Food Prosecutions at Doncaster – Denaby Miner and His Slaughtered Pig.

August 1918

Leeds Mercury – Wednesday 14 August 1918

Food Prosecutions at Doncaster
Denaby Miner and His Slaughtered Pig.

The West Riding Magistrates at Doncaster, yesterday, were occupied for several hours in hearing a series of prosecutions for offences against the Orders and Regulations relating to food. Fines amounting in all to £74 were imposed.

John C. Marshall, grocer, Conisborough, summoned for two breaches of the Tea (Retail Prices) Order, pleaded guilty to charging excess prices, and was ordered to pay £6 including costs.

George B. Appleyard, grocer, Conisborough, answered three summonses for selling tea above the maximum price, and was fined £4 in each case, including costs, £l2 in all.

The Court then listened to the story of Michael Brannon’s pig. Brannon is a Denaby miner, who had a pig. He caused it to be slaughtered, and then retailed the carcase to people in the district. He now pleaded guilty, through ignorance, to various charges, including dealing in dead meat retailing it on his own account without being registered, etc.

It was stated that in doing what he had done Brannon had committed about 200 offences. Thirty-eight married women of Denaby were summoned for purchasing more than the allowance meat to which they were entitled, or for purchasing meat without coupons. They mostly pleaded guilty.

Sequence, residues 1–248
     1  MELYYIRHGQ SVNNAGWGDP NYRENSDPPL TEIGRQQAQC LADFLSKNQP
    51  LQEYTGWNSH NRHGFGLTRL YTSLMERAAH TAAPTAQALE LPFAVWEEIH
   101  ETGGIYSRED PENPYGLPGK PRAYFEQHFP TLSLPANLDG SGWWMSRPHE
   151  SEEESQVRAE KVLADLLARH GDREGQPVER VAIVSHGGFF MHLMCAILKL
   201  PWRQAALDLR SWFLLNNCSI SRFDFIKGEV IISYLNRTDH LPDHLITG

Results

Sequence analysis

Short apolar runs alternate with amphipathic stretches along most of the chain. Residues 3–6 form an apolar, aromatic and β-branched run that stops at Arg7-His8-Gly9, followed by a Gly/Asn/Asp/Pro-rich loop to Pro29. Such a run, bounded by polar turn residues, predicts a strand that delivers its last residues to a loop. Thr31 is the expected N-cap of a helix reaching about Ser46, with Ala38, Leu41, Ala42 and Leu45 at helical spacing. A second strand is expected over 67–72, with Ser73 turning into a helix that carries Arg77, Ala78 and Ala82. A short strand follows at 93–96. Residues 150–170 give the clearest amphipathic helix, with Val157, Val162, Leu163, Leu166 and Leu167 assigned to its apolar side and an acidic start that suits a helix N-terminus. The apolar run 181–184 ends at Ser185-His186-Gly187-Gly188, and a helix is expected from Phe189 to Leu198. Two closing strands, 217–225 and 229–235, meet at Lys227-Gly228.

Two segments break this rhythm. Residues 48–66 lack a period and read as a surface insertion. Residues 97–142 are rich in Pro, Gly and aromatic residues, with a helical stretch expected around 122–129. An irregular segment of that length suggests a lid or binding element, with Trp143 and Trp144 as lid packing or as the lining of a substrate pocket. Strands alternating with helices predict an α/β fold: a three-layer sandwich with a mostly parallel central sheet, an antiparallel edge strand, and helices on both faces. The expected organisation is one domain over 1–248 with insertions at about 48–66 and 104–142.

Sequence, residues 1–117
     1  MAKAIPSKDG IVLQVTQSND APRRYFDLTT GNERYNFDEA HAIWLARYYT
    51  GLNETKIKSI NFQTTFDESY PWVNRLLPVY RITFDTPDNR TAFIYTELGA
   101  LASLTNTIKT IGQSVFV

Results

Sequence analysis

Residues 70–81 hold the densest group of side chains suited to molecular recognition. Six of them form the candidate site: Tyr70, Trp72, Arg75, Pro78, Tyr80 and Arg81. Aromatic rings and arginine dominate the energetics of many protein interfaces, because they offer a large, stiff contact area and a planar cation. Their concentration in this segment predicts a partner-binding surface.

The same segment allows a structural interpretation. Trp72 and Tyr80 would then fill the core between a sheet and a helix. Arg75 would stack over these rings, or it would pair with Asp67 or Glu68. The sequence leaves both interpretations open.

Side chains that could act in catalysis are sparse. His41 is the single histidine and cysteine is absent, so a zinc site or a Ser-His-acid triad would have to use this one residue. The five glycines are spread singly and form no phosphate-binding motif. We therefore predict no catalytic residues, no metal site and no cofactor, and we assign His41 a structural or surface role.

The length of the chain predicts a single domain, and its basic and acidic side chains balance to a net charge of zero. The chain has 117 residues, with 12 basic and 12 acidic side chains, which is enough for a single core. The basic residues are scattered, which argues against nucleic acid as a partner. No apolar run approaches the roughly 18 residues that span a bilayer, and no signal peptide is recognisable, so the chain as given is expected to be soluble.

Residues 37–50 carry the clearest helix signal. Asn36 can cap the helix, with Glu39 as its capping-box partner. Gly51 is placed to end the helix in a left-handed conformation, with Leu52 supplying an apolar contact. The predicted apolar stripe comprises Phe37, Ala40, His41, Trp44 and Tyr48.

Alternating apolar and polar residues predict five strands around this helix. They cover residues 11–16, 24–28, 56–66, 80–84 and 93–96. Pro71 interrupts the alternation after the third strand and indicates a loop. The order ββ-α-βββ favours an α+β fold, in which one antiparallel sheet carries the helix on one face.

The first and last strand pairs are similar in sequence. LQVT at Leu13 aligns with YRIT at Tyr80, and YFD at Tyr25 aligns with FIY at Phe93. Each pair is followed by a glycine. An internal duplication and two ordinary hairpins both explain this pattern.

Brannon was fined £2 in each case, £10 in all, or one month.

Branncn loudly declared he would do the month. Two of his pigs had died; there was one left, and the police could have that if they liked to fetch it.

The Bench allowed the man seven days in which pay.

The women were fined, some of them 20s., others 30s. each. Most of them are solders’ wives or widows, and declared they could not pay; some of them said they would not pay. Time was allowed, a month being given in some cases.

James Smith, miner, of Highfields, was summoned for two breaches of the Sugar Rationing Order, very improperly obtaining a sugar card, and neglecting to give up a card belonging to another person.

Defendant was ordered to pay in respect of each charge (.£8 in all), or a month’s imprisonment.